The corruption that’s killing Australia’s economy is mostly a result of central government spending and spending by a few big corporations.
In a recent report, the Australian Taxation Office concluded that there are currently 7,400 cases of “corrupt government spending” and that this “costs the Australian economy $2.5 trillion in lost revenue every year.”
That’s a lot of money.
Australia’s government spending is now a third of the size of the United States.
That’s more than the total value of all the other countries in the OECD, which also includes the United Kingdom, Canada, France, Germany, Italy, Japan, and the United Arab Emirates.
But it’s also more than just government spending.
Government spending is also a major driver of the Australian’s debt, and one that has already been growing for decades.
But now, as the country’s economy and political system undergo a long-term transformation, a new report by the Australian Parliamentary Library says the problem is getting worse.
“Corruption is now so pervasive and widespread that it has reached the point where Australia’s centralised, centralized, and powerful system of government is the single largest cause of its growing debt,” the report says.
The authors also suggest that governments and their bureaucracies have become so corrupted that there’s now a “miserable situation” where “corruption is endemic, systemic, and is not limited to specific cases.”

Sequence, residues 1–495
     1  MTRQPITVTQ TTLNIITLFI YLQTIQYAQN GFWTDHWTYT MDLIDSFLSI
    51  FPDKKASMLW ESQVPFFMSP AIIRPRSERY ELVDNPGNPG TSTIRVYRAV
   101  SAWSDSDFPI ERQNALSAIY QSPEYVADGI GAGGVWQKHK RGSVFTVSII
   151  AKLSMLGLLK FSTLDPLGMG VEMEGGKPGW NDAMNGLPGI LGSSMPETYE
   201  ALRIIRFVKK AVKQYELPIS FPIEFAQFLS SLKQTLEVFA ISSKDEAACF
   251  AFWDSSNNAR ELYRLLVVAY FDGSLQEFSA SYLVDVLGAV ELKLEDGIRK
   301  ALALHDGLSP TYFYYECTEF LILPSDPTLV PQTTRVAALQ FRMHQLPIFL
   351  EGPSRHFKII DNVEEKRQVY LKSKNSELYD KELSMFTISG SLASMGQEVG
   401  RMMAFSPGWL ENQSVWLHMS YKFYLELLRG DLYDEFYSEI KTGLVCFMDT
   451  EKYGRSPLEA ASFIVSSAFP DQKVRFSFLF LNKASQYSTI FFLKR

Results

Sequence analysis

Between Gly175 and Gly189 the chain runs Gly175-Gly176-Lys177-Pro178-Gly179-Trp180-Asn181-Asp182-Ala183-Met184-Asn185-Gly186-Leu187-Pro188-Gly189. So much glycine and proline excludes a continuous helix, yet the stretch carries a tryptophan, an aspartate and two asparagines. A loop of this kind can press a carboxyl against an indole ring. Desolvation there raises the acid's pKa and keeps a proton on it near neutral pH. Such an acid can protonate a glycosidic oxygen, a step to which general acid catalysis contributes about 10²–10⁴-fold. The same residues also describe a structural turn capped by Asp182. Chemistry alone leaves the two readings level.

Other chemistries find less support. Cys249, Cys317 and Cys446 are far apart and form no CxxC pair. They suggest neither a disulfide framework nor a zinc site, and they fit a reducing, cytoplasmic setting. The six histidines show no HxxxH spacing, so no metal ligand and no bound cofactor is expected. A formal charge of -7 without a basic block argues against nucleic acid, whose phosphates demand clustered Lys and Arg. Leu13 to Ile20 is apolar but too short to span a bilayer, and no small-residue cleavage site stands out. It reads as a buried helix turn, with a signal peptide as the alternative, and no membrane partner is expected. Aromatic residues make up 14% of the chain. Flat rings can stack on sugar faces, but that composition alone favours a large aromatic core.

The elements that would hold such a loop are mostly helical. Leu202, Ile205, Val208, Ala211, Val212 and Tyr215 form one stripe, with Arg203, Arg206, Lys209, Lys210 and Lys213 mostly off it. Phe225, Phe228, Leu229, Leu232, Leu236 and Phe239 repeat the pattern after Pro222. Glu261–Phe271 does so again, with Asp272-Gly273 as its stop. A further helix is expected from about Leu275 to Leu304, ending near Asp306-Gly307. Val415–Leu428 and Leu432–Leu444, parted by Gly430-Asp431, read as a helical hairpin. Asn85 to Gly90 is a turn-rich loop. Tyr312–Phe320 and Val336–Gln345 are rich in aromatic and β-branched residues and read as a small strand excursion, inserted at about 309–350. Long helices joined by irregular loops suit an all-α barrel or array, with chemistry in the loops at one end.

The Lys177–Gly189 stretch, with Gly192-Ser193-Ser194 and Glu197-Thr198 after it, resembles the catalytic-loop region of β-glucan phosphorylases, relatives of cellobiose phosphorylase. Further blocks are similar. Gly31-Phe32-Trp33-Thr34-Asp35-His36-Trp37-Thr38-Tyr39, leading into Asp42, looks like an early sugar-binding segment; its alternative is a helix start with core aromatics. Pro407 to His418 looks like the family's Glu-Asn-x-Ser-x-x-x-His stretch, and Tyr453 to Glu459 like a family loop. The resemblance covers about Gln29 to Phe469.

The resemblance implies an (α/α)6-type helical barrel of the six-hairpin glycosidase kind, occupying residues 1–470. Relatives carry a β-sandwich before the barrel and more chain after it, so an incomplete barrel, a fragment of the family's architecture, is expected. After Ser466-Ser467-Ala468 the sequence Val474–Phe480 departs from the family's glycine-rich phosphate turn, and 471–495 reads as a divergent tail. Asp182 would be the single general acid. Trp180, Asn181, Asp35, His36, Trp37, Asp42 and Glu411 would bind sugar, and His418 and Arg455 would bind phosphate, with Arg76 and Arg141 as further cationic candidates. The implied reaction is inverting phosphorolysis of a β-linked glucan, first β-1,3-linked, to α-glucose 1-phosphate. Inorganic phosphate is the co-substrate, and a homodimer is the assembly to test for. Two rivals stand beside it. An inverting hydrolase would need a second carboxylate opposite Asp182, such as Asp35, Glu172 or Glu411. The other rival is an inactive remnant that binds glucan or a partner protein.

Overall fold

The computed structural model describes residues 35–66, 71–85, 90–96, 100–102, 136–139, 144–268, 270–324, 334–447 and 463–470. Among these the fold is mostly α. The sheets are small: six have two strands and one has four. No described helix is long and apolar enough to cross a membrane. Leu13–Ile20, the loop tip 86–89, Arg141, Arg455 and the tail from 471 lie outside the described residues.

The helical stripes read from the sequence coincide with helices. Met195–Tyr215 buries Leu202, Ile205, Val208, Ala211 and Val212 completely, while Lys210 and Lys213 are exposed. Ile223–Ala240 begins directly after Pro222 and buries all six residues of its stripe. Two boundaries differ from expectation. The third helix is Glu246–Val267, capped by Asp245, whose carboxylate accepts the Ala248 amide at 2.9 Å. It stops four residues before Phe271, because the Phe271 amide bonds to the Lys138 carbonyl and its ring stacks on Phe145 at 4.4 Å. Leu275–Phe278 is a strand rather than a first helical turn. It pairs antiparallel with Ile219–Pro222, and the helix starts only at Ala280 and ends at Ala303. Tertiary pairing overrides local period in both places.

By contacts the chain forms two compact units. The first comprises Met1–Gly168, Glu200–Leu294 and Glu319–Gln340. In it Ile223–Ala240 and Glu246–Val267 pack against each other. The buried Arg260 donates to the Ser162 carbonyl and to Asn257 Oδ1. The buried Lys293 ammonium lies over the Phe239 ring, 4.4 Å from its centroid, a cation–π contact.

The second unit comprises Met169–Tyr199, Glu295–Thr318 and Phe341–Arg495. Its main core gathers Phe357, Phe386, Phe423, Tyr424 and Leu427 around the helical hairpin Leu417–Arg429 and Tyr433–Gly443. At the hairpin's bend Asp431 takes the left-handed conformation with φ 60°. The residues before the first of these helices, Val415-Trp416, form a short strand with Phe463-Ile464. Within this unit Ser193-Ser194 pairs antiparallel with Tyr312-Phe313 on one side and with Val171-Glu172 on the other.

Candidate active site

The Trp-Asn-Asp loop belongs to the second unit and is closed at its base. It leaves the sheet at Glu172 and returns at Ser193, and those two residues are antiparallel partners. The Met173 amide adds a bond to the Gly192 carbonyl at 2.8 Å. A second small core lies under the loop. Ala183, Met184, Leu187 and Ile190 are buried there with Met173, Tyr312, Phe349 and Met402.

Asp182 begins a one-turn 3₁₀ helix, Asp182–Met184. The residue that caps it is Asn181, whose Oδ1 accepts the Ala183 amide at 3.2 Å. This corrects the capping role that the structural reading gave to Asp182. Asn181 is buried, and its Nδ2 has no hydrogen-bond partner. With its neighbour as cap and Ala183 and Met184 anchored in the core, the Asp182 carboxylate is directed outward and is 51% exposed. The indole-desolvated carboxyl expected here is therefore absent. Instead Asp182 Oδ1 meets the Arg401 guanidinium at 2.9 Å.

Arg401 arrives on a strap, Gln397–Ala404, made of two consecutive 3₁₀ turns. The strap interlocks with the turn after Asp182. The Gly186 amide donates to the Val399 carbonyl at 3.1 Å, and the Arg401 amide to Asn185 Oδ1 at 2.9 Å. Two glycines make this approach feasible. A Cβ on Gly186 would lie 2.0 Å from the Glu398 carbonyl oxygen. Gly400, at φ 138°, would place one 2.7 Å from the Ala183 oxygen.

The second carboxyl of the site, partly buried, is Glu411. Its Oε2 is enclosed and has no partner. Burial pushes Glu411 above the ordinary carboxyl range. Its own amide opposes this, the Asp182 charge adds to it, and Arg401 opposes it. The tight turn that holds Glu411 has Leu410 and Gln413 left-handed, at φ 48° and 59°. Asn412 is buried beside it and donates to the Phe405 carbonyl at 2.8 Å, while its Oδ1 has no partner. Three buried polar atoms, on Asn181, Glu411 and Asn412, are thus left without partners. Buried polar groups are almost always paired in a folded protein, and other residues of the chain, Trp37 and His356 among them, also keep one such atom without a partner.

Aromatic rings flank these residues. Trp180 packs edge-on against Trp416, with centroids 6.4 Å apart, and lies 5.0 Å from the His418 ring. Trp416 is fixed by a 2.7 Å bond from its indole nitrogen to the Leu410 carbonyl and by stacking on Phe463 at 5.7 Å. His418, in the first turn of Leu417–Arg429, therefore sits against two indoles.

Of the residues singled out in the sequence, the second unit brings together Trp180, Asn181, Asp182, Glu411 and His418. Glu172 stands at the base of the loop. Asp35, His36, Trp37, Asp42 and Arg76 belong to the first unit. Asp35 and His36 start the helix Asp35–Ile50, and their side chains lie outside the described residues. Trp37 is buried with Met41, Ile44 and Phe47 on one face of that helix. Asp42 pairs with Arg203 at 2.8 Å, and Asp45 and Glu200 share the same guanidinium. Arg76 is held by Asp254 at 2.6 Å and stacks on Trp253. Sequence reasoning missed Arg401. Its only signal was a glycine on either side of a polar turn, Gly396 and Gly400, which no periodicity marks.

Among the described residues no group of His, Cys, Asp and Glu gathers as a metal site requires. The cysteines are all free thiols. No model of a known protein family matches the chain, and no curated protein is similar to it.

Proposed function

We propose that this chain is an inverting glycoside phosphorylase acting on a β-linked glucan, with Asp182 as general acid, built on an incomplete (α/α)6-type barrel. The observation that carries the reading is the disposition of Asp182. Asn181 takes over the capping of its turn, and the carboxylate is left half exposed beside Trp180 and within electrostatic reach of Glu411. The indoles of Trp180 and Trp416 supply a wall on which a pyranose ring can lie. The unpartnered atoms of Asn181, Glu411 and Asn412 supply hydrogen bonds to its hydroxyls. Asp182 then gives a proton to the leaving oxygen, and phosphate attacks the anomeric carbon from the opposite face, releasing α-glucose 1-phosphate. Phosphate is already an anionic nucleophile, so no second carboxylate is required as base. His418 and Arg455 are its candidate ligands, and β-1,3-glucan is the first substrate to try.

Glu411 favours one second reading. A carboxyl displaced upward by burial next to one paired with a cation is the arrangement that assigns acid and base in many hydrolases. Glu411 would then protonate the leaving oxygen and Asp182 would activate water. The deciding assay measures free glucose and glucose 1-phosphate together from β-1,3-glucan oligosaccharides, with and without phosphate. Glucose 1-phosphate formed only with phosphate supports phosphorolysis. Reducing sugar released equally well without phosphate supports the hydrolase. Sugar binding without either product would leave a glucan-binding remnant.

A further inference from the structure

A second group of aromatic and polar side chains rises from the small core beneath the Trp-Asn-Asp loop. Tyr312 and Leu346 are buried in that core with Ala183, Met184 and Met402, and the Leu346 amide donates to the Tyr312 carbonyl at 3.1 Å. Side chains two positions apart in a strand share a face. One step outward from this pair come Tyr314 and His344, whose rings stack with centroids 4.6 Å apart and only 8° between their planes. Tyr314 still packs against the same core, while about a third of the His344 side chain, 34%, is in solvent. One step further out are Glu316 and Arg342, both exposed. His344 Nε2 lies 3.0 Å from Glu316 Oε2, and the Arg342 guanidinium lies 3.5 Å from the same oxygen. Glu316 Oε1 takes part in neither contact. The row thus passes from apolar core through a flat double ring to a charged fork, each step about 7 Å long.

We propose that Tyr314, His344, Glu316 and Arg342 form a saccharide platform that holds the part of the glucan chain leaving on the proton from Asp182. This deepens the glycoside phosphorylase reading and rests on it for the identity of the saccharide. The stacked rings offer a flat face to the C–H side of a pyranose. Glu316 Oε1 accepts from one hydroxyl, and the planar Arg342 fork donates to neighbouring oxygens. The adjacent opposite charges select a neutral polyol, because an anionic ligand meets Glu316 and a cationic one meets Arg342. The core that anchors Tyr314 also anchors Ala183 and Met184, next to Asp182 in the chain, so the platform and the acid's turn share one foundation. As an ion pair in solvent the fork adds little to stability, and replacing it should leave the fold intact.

What does that mean?
“It means that there is a culture of corruption in Australia that is not acceptable, and it is a problem that needs to be tackled,” the authors wrote.
“This culture has become so entrenched that it can be ignored and is often tolerated.
It is a toxic environment for democratic government.”
In other words, corruption in the Australian political system is getting so bad that the country could potentially fall apart without government spending, and we’re already in the process of doing so.
The Australian Government has been in power for just over three decades, and that means it’s been in office for nearly two decades.
It has a long way to go before the corruption and dysfunction that plagued the country in recent decades is eradicated.
This is a major step forward for Australia, but it also highlights how far we have to go in our own country before we truly change.
This isn’t an argument about whether corruption is bad or good; it’s a question about whether we need to change.
If we want to be the country that’s truly democratic, the authors suggest we “take a hard look at how we think and how we behave.”